Last week I told you about a case that was just decided by a New Jersey court in which a family tried to avoid the impact of New Jersey’s elective share as it relates to Medicaid. (See 1/30/17 post for an explanation of the elective share and Medicaid estate recovery). Here are the basic facts.
Arthur Brown had been receiving Medicaid benefits for almost 5 years until his death in 2013. Following his death, the State of New Jersey, under Medicaid estate recovery rules sought reimbursement from his estate of $167,000 in benefits it paid out during his lifetime. The State determined that its lien attached to Arthur’s 1/3 elective share interest in his wife, Mary’s estate.
Mary had died in 2010. Before her death she executed a will which left her estate to her 3 children, leaving nothing to Arthur. When Arthur was approved for Medicaid in 2008, under Community Spouse Resource Allowance rules Mary was able to keep the couple’s home (Arthur transferred his interest to her) and approximately $70,000. This is essentially what was left in her estate when she died.
Mary’s son, Thomas as Executor of her estate notified Medicaid of her death and advised the State that Arthur would not be exercising his elective share right, claiming that the law did not apply to him. In response the State notified him that Arthur’s Medicaid benefits would terminate because his refusal to assert that right subjected him to a Medicaid penalty for transfer of assets. Thomas filed an appeal but before a final hearing was had Arthur died. The State then filed the lien against his estate.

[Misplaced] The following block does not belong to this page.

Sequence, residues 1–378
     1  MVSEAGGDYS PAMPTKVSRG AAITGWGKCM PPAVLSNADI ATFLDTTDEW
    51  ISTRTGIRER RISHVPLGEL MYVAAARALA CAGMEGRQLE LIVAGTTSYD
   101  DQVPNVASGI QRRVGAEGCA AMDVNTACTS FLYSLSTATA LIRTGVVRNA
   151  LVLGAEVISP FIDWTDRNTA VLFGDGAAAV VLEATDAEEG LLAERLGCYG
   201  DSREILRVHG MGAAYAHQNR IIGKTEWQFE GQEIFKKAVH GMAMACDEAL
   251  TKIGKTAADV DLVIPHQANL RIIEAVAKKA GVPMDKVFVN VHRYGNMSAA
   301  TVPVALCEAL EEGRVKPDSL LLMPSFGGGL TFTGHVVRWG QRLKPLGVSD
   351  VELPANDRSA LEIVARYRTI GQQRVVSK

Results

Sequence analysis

The elective share is not available in cases of divorced spouses or where the couple are separated and “on their way” to obtaining a divorce. Thomas claimed that his parents fell into that category. He argued that Arthur and Mary were living separate and apart at the time of Mary’s death and were not living as man and wife under circumstances that gave Mary grounds for divorce, specifically Arthur’s institutionalization for mental illness. He claimed that Arthur’s dementia and placement in a nursing home fit this exception.
The court sided with the State. The judges held that a couple’s separation because one spouse needs to be cared for in a nursing home does not count as the type of separation that would “cut off” a right to an elective share. There was no evidence that Arthur or Mary ever wanted or contemplated a divorce. Their separation was due to Arthur’s need for care that could be better provided for in a nursing home. Moving to a nursing facility is not the type of separation that is grounds for divorce by itself. Therefore, Arthur had a right to an elective share.
Reading the facts of this case it is difficult to understand why the Brown family thought they could avoid the elective share. Mary had actually done everything she could to protect her assets by changing her will but as I always tell clients the State will be entitled to 1/3. There is no getting around that and the New Jersey Appellate Division has just reinforced that point.